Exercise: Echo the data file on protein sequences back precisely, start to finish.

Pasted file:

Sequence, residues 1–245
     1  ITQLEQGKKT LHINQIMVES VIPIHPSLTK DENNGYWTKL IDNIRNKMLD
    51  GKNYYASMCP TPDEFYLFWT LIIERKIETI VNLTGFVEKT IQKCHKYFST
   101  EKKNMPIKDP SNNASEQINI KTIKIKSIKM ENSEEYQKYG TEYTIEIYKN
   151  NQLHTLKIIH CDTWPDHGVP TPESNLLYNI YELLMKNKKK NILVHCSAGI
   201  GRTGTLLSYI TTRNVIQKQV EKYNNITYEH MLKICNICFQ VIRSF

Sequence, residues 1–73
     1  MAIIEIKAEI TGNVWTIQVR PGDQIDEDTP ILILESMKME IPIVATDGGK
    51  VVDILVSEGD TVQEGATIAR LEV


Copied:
Sequence, residues 1–245
     1  ITQLEQGKKT LHINQIMVES VIPIHPSLTK DENNGYWTKL IDNIRNKMLD
    51  GKNYYASMCP TPDEFYLFWT LIIERKIETI VNLTGFVEKT IQKCHKYFST
   101  EKKNMPIKDP SNNASEQINI KTIKIKSIKM ENSEEYQKYG TEYTIEIYKN
   151  NQLHTLKIIH CDTWPDHGVP TPESNLLYNI YELLMKNKKK NILVHCSAGI
   201  GRTGTLLSYI TTRNVIQKQV EKYNNITYEH MLKICNICFQ VIRSF

Sequence, residues 1–73
     1  MAIIEIKAEI TGNVWTIQVR PGDQIDEDTP ILILESMKME IPIVATDGGK
    51  VVDILVSEGD TVQEGATIAR LEV